(Kara Newman is the author of "Spice & Ice: 60 tongue-tingling
cocktails", available <here
> . The opinions expressed are her own.)
NEW YORK Jan 10 As a presidential election
year, for many Americans 2012 is all about politics.
This is especially true in Washington, D.C. - a city all
about politics, all the time. Even the drinks reference
Derek Brown, co-owner of The Passenger (passengerdc.com/)
and Columbia Room (here) -
and self-described "drinking expert" -prescribes an itinerary
for visiting tipplers.
The first stop: Dupont Circle, and particularly the Tabard
"It's named after the place in Canterbury Tales where
travellers would meet up and drink," Brown says. "So it's very
In addition to "amazing cocktails" in a "quaint" setting,
it's also home to one of the only pictures of America's first
president, George Washington, without his famous white powdered
wig. ("He looks like Martha Washington," Brown jokes.)
Also in the centre of town, enjoy a Scotch among the suits
at the Round Robin Bar (bit.ly/bwvkzH) at the Willard
Point of trivia: Supposedly, the word "lobbyist" was
invented here in the early 1870s, when President Ulysses S.
Grant complained about "those damned lobbyists." (Some dispute
this point, but it still makes for mighty fine drinking
And at the JW Marriott (bit.ly/ZGrz5), order a
Rickey: It was invented here in 1883, in the former Shoomaker's
Bar. Last year it was named D.C.'s official cocktail.
"D.C. is one of the only cities that has an official
cocktail," Brown proudly states. "New Orleans has the Sazerac
and D.C. has the Rickey."
Next, head over to the 14th and U Street corridor for jazz
and "local colour." Here, Brown's pick is The Gibson (thegibsondc.com/),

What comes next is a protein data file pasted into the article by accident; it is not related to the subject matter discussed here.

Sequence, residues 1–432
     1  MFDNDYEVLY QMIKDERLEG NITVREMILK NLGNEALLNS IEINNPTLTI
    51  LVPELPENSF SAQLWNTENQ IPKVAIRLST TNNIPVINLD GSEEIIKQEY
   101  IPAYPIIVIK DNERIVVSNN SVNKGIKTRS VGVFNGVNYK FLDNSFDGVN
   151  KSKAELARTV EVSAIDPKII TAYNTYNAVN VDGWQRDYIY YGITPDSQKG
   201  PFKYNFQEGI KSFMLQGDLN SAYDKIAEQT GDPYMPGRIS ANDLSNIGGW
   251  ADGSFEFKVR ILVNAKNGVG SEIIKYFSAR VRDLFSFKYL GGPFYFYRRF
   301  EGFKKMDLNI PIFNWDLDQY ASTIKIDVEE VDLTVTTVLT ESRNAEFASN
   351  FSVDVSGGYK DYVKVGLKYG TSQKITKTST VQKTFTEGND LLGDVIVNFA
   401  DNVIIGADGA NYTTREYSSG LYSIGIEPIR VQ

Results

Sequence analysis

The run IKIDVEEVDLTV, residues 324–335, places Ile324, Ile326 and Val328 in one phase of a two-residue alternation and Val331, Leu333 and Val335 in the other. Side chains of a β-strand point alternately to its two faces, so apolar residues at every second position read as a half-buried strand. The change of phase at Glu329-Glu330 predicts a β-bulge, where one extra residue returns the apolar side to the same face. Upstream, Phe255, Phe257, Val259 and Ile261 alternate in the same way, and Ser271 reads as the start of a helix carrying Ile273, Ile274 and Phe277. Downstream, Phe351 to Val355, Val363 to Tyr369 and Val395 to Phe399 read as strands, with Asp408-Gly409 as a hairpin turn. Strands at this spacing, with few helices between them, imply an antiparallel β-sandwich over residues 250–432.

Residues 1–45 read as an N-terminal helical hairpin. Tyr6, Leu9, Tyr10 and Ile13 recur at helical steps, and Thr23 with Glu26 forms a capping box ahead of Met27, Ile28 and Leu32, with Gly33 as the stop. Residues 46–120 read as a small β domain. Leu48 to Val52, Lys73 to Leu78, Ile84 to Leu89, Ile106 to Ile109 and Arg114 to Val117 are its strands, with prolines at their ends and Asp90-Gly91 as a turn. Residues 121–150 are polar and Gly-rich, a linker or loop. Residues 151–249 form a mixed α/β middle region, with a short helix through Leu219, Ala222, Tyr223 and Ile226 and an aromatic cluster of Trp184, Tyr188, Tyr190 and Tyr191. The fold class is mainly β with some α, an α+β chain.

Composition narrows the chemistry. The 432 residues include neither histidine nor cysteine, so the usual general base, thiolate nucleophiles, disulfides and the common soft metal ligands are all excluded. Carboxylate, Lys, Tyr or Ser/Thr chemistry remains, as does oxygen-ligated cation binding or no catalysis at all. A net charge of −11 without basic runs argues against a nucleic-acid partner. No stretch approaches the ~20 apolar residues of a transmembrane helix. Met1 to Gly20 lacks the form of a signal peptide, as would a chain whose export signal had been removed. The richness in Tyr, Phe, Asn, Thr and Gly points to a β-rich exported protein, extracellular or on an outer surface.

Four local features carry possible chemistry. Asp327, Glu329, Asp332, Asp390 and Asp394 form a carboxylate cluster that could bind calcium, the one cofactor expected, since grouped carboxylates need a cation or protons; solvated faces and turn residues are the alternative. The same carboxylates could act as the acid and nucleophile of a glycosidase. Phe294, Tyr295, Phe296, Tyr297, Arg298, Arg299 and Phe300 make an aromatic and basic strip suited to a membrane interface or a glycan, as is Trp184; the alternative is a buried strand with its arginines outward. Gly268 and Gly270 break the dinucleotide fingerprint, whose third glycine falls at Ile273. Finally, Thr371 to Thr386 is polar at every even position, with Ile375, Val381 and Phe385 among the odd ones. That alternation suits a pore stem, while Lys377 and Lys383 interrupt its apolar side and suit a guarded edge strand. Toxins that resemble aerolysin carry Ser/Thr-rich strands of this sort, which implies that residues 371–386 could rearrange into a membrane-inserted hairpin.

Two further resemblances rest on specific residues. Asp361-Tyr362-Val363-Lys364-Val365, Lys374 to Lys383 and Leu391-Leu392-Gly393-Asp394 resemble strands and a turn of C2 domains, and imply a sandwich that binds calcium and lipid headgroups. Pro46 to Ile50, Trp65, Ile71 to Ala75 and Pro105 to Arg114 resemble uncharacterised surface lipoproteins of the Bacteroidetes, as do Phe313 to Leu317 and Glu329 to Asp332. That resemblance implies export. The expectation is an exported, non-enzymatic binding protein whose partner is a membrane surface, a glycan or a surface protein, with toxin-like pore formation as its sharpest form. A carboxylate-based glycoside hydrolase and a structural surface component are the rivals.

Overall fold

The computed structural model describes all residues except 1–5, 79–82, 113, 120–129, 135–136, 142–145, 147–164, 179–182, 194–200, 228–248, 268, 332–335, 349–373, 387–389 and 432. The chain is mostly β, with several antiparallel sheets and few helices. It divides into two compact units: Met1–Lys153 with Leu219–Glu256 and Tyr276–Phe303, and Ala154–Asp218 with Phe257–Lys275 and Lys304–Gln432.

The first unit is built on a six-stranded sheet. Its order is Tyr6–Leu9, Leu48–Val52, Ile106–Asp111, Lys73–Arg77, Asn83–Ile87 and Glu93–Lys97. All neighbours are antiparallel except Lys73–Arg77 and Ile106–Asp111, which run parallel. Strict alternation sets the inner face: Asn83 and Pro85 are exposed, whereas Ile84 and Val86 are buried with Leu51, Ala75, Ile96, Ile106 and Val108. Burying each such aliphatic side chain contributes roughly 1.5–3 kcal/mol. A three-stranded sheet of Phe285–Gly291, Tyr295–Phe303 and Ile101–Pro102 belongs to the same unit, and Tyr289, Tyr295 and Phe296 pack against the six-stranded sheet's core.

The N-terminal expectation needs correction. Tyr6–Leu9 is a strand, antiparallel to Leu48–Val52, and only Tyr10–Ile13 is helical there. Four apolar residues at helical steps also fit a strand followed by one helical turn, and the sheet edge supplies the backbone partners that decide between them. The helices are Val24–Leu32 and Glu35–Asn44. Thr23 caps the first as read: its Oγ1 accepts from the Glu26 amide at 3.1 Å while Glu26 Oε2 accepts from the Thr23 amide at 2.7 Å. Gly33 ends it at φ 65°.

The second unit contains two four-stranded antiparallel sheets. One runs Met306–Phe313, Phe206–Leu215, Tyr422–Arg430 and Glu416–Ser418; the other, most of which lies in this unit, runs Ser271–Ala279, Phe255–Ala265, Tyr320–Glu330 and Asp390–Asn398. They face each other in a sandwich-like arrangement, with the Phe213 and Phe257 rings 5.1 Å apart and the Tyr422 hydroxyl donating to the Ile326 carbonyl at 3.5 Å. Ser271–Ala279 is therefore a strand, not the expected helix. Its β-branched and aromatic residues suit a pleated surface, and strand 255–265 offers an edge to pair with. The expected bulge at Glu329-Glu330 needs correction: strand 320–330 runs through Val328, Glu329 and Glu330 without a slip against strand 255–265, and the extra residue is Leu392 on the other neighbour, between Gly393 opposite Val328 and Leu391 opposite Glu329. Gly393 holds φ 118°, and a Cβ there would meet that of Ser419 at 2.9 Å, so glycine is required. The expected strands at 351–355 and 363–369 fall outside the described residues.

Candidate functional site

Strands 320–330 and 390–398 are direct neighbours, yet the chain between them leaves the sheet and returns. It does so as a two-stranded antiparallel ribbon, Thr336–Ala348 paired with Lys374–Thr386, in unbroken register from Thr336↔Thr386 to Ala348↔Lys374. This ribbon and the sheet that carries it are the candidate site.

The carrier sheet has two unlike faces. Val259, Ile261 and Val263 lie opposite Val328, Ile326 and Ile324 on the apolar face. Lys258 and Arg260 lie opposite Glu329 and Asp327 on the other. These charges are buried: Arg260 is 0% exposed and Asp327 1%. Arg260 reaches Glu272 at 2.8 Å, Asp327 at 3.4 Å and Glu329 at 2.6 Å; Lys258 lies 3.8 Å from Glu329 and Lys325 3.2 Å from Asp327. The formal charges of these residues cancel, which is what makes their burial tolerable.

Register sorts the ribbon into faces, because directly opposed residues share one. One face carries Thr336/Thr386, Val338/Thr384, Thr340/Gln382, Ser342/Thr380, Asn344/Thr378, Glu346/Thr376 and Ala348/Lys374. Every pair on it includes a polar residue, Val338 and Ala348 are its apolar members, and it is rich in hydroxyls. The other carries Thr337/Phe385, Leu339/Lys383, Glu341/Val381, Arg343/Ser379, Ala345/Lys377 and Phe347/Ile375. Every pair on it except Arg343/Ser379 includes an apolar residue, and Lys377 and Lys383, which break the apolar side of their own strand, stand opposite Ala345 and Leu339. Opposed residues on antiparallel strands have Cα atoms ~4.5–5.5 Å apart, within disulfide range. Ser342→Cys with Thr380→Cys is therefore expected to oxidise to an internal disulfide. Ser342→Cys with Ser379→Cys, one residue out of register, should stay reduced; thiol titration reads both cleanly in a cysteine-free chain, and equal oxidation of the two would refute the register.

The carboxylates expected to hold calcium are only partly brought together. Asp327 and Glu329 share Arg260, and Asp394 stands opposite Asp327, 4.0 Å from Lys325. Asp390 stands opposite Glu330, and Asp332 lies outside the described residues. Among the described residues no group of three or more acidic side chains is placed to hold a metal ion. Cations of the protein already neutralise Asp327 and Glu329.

with its unmarked door and high-end speakeasy charm.
Finally, Brown advises heading to the Penn Quarter area for
a final dose of cocktailing. In addition to his own popular bar,
Passenger, and its tiny Japanese-style 10-seat annex Columbia
Room, Brown also recommends Proof (proofdc.com/) across
from the National Gallery, and PS7
Both are restaurants rather than standalone bars - and
that's a plus. Indeed, Brown cites Proof for "the best spaghetti
and meatballs of my life."
Meanwhile, at PS7 keep an eye out for bartender Gina
Chersevani, who has received national recognition for her
creative cocktails. Look for cutting-edge ingredients such as
vinegar-spiked shrubs, pickled long beans and "salted ice."
Food editor Ruth Reichl once quipped that Americans only get
to vote for their president once every four years, but can
"vote" regarding food choices three times a day, at every meal.
I'd say that extends to cocktail choices too. So I'll invoke
an old tongue-in-cheek election saw for D.C.-bound tipplers:
"Vote" early - and often.
RECIPE: THE RICKEY
This is Washington D.C.'s official cocktail, named after
Democratic lobbyist Colonel Joe Rickey. Although the original
version was made with bourbon, a gin-based Rickey is infinitely
2 ounces gin or bourbon
1 lime half
Sparkling mineral water
Pour gin or bourbon into a highball glass. Squeeze in the juice
of the lime half, and drop the spent lime hull into the glass.
Add ice, stir, and top up with sparkling mineral water.
(Created by Paul Casciato)